As the El Paso and Northeastern Railroad sought passage northward through Alamogordo in the 1890s, a steady of supply of timber was necessary to continue construction on its railroad line. The owners, upon seeing the Sacramento Mountains with its lush forests to their east (the Lincoln National Forest today), decided to build a branch line into the trees/mountains to tap the natural resources there.
The EP&NE survey team found at the summit not only excellent trees for timber, but a potential attraction for tourists with the area's majestic views and abundant natural wildlife. Thus, the town of Cloudcroft ("clearing in the clouds") was born, and the EP&NE quickly built a 26-mile branch line towards the summit. The railroad was called the Alamagordo-Sacramento Mountain Railway, a subsidiary of the EP&NE; its nickname, "The Cloud-Climbing Railroad", became well-known as the railroad offered spectacular vistas along the way, not to mention its destination "in the clouds". In addition, at the time of its completion, it was the highest standard-gauge track in the world. The line offered both freight and passenger excursion service, often transporting movie stars and other famous guests 6,000 feet upwards into the grand mountains. 58 wooden bridges were constructed, including one "S" bridge (formed by two reverse curves) at a length of 338 feet.
With the arrival of US Route 82 to Cloudcroft around 1945, traffic on the railroad line diminished. Southern Pacific discontinued passenger service in 1938, and freight service in 1947; abandonment of the line came soon after in 1948. The town of Cloudcroft itself continues to thrive today as an attractive tourist destination.
The only evidence of the railroad line today is the remains of the trestle over Mexican Canyon, as seen in these pictures.
Looking for any information on John Barnes Ritter who worked on Cloud Climbing Railroad around 1955. Please email any infomation to me: firstname.lastname@example.org
Actually there is plenty of evidence of the railroad. I ride my ATV on the old rail beds all the time.
My Great Grandfather was in chrage of the crew who built this bridge, according to my grandfather who was only between 5 and 7yrs old. The story is told that my GGrnadpa was stuck on the design of the bridge, and woke up to find that my GGrandma had left a picture or instructions (not exactly sure)for him and it was based on an embordiery pattern. Apparently my grandpa remembers them living in Train box cars and his mother cooking for the whole crew and his family of 5 children, which my grandpa was one of. He remembers because it took so long to build.
A friend of mine that has land near there said he found an old wrecked train in a creek somewhere around there- any truth to this? Is it still there? Been removed? or never was?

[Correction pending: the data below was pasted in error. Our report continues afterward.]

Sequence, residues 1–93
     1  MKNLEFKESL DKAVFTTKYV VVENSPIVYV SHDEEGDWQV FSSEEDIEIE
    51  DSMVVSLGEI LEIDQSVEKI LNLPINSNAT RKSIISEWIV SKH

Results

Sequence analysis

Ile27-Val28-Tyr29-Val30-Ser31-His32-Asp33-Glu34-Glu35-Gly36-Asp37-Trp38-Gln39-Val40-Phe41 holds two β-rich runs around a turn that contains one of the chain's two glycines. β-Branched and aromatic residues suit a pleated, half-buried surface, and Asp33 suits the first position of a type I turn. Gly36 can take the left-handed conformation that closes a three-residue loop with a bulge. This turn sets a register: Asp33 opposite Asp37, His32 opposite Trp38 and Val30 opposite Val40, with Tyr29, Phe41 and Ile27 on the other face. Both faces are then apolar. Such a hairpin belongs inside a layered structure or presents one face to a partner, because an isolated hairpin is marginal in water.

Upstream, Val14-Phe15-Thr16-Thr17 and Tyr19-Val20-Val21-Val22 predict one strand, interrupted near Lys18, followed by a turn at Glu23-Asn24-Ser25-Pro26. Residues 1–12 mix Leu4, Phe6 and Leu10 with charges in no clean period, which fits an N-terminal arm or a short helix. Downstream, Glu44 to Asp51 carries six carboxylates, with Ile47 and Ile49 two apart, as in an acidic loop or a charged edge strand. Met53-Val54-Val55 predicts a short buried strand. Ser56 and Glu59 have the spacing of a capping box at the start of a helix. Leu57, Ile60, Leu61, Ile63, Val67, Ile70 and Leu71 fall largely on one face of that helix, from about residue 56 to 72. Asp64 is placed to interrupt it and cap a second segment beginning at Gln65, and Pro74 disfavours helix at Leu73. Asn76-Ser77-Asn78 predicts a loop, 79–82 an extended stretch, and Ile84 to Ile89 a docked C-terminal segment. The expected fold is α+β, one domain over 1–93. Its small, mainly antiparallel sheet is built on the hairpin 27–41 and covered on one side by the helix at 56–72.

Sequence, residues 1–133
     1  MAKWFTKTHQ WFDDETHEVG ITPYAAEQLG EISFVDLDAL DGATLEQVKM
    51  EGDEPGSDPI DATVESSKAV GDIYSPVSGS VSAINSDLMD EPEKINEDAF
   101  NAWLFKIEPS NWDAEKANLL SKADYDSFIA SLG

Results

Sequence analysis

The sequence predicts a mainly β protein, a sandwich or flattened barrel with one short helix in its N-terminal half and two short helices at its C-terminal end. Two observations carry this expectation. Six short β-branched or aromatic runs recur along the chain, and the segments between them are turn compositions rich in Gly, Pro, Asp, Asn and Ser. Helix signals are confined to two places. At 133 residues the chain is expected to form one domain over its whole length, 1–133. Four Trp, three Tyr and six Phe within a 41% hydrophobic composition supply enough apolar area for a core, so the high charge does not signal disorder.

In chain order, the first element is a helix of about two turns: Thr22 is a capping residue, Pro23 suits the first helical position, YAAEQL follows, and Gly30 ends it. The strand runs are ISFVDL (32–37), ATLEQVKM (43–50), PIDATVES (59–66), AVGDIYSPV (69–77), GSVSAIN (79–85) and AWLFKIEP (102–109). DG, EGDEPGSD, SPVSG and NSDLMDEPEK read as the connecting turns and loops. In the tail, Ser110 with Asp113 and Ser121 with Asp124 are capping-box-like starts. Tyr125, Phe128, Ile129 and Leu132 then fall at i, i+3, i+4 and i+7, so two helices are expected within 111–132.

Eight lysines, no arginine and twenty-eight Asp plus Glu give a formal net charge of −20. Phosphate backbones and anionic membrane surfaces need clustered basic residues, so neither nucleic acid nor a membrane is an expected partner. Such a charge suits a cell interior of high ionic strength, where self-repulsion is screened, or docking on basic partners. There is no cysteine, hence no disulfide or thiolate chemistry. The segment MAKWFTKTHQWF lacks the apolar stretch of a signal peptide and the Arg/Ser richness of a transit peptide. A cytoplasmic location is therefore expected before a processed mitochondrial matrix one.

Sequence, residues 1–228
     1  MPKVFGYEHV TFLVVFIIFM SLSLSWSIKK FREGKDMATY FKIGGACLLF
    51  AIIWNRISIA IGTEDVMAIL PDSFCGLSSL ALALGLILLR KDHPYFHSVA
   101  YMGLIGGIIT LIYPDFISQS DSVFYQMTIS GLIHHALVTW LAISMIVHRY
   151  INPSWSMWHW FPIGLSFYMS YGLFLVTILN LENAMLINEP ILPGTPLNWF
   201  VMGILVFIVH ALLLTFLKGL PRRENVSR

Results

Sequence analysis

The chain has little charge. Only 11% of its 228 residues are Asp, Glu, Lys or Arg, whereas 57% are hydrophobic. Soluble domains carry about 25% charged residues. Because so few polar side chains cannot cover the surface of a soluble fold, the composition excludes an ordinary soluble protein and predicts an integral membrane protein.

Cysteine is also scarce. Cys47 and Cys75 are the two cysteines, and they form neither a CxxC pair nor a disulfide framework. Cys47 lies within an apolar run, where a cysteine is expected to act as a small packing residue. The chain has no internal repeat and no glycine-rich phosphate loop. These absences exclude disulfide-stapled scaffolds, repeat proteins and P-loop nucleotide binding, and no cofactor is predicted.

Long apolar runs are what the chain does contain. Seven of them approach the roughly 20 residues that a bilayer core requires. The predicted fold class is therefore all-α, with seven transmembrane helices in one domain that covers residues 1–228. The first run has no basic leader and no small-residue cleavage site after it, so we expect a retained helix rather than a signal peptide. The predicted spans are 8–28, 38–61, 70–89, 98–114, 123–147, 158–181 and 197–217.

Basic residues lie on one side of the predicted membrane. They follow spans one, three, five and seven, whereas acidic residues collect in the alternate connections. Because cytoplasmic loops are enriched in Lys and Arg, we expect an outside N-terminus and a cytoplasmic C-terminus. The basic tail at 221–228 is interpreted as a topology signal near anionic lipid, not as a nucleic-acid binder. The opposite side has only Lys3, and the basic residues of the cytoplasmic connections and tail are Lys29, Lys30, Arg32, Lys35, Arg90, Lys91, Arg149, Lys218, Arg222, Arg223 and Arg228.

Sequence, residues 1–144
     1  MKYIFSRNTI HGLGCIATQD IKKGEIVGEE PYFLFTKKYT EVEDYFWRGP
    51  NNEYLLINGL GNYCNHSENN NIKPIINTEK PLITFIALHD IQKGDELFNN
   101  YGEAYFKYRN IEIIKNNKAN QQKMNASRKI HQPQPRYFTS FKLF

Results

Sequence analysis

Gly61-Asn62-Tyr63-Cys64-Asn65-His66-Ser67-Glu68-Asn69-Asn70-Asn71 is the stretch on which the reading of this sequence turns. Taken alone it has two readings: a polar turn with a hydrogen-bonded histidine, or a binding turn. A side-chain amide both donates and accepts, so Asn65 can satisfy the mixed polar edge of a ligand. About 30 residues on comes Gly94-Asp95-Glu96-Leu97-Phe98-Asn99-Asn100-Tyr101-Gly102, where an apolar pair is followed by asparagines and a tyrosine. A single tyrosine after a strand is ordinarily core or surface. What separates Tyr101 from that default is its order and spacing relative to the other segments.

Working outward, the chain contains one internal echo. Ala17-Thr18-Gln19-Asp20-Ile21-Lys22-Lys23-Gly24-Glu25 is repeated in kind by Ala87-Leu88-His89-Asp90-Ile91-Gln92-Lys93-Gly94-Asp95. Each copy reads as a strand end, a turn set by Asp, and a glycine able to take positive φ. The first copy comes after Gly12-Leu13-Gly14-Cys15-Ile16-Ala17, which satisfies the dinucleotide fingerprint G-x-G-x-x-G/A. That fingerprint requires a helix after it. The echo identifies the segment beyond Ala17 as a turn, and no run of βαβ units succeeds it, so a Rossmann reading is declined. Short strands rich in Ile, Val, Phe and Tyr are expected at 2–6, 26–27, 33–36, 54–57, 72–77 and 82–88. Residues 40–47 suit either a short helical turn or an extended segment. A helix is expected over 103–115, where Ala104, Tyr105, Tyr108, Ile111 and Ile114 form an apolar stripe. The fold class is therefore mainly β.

Quite a bit of the old railbed from alamogordo to cloudcroft is still around. Fron La Luz to High Rolls almost all of the bed is still evident. One trestle still stands on private land. We are not sure of another trestle. One trestle was rebuilt in Salado Canyon and can be walked across on the Salado Canyon trail. Three trails, Salado Canyon, Bridal Vale, and Grand View Trail are connected and are on the old rail bed. From High Rolls to the switchback most of the road bed either is covered by highway or hidden from view from the road. You can hike the Switchback Trail. Baily Canyon still has some of the old rail bed. The best hiking along rail beds can be found at the Rail Trail park just at the edge of Cloudcroft. You can see a recreation of the old depot as well as walk most of the rail bed from Cloudcroft to the Mexican Canyon trestle which has an overlook. The Lincoln National Forrest Service has mapped the route with assistance from a great volunteer and use of building maps. I am working on a project to collect photos of the railroad and combine them with photos from a hike I plan to take. Hopefully we will have a video showing the then and now. Also, the Mexican Canyon Trestle has been restored and has an overlook with information for visitors.
When you hike out from Rail Trail Park to the Mexican Canyon Tressle, you pass by what is left of the S Bridge.
The article mentions this spur was the highest standard gauge RR at the time, but doesn't mention the engineers' secret to accomplished that. It's the switch back! Backing the train up for a ways to gain altitude and then going forward again eliminates curves.
I ACTUALLY THINK I FOUND TRACKS ON A SHORT STRETCH!!!
We used to party on the bridge during high school! Thank God no one ever got hurt!1968 there was a town below the bridge called tobogon,my Grandfather worked at the first lodge and helped build the second one. he worked there for over eighty years. Paul A. Hernandez another town near was Hootenville,and old Marcia,lots of history!